I was going to wait on this one, but since I spent about seven hours playing this game the other day, I might as well tackle it now.
Lately I’ve been hooked on a game called Stardew Valley. Stardew Valley is a farming/life simulator. The idea is that you play a character that after getting tired of a life of corporate drudgery, inherits a farm from his or her grandfather. The farm is in a place called Stardew Valley right outside of Pelican Town. The farm is overgrown and it’s up to your character to clear it out and plant crops. You can also fish, chop down trees, work in the mines, make friends with the locals (and eventually date and marry the single ones), cook, create artisan goods and raise animals. All that basic, domestic, agrarian goodness.
And did I mention that there’s a wizard’s tower on the edge of the valley.? There are also little nature spirits living in the broken down old Community Center. And there are monsters infesting the mines. There are even rumors and evidence of dwarfs living in the mines.
Yup. Magic and fantasy exists in this game and no one seems too bothered by it. And that’s why this game reminds me of fairy tales.
Fairy tales, like Stardew Valley involve magic but often find themselves most concerned with everyday problems. The parents in “Tom Thumb” are concerned with the possibility of having a child. Jack and his mother in “Jack and the Beanstalk” are worried about poverty and where their next meal is coming from. “SnowWhite” and “Cinderella” are concerned with abusive family situations. “The Twelve Dancing Princesses” and “Bearskin” (among others) are both concerned with soldiers building some kind of life after a war has ended. Don’t even get me started on all the ones that hinge on the idea of marriage.
If anything, the goals in Stardew Valley are even more tame than the ones in fairy tales. Other than marriage, which is a common goal between both fairy tales and Stardew Valley. Most of the goals in the game are things like planting and harvesting in keeping with the seasons. Saving up enough materials and money to build new farm building. Stuff like that. But even that isn’t so far off from how fairy tales function. The seasons and growing things are an issue. The Tale of Tales had a story built on the changing of seasons called “The Twelve Months”. I once read a French folk tale titled “The Wooden-Clog Maker and the King’s Daughter” in which one of the more miraculous, magical elements was a peach tree that bore fruit even in the winter (doesn’t seem like such a big deal today when we can get produce shipped from all over the world, but it’s a big deal in the story and it would be a big deal in Stardew Valley).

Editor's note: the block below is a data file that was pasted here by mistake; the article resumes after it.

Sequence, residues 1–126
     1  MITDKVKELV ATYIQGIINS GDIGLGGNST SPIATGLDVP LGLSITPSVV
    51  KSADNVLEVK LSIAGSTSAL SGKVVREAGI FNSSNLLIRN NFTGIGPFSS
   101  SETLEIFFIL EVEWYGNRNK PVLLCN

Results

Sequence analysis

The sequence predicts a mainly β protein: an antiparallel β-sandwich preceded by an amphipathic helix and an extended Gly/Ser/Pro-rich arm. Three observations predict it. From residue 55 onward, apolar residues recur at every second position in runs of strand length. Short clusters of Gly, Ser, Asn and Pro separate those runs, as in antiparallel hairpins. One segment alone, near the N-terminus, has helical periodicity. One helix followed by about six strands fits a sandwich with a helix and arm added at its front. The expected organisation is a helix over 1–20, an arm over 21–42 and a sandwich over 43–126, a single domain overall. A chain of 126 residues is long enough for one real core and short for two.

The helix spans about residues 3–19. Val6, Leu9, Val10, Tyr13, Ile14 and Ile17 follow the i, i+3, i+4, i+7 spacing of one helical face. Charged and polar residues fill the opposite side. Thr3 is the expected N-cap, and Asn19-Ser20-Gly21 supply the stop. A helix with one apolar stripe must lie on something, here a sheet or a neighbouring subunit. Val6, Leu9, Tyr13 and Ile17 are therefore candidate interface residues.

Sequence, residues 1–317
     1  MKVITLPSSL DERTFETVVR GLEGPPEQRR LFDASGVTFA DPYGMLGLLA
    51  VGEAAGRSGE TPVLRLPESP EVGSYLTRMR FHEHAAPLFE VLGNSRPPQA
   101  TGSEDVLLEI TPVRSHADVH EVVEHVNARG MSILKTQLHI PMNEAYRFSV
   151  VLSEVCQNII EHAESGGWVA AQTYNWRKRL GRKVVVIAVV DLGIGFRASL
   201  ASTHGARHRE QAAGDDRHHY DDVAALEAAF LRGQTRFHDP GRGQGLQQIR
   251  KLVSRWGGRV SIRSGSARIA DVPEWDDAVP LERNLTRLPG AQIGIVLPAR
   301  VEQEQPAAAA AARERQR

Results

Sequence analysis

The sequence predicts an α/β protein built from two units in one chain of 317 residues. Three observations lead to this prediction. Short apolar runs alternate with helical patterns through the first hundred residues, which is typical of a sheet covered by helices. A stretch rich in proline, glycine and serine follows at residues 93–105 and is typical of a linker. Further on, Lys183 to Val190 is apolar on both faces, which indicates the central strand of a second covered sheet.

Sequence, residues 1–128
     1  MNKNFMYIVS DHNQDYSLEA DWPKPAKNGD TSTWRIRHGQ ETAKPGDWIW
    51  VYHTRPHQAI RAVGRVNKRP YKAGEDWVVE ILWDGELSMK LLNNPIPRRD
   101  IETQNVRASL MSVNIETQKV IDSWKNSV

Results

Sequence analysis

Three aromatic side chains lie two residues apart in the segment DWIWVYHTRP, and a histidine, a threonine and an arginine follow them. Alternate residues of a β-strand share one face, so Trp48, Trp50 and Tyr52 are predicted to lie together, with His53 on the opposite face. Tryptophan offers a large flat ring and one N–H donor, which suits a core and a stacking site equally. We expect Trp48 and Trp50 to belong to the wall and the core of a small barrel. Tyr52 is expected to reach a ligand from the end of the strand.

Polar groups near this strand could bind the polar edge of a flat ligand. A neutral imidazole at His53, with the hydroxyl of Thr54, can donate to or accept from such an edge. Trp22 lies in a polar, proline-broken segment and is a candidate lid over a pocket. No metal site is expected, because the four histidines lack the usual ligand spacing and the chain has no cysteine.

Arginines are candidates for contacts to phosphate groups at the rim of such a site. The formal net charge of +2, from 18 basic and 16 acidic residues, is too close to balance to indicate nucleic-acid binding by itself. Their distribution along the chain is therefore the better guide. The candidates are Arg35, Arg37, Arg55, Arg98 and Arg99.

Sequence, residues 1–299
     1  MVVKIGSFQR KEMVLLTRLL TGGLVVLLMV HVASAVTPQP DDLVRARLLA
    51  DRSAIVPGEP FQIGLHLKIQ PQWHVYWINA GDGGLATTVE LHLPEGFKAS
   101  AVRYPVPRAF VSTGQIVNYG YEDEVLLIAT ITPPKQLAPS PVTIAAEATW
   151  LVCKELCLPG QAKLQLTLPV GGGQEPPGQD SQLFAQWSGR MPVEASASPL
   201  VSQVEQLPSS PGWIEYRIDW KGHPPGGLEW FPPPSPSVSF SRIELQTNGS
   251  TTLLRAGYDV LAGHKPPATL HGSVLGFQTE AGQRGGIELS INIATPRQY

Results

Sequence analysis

Fairy tales have kind of a strange double identity. On one hand, they’re widely considered the hallmark of fanciful storytelling. Someone saying “that’s just a fairy tale” usually means someone’s being unrealistic. Yet, fairy tales are often the most grounded and relatable of all fantasy stories. I mean, I’m sure there are relatable things in other fantasy genres. Epic fantasy, for example, is about things like war and politics and I’m sure someone can relate to those things. But fairy tales are about the things that happen between the war and the politics. Things like getting married and planting crops and selling your cow and making sure you have enough food or money.
Fairy tales aren’t about the magic within the everyday or magic replacing the everyday. They’re about magic existing alongside the everyday, like some kind of unusual neighbor. All the while, the question of belief never even comes up. It’s just not an issue.
I’m not quite sure I really managed to tease out a point here, but I think I may have at least provided some food for thought in regards to the unique qualities of fairy tales. This relatability and groundedness might account for their continued staying power. It might also be what makes Stardew Valley so damn addictive.
Now, if you’ll excuse me, I have to harvest the crops and tend to the animals before the winter comes.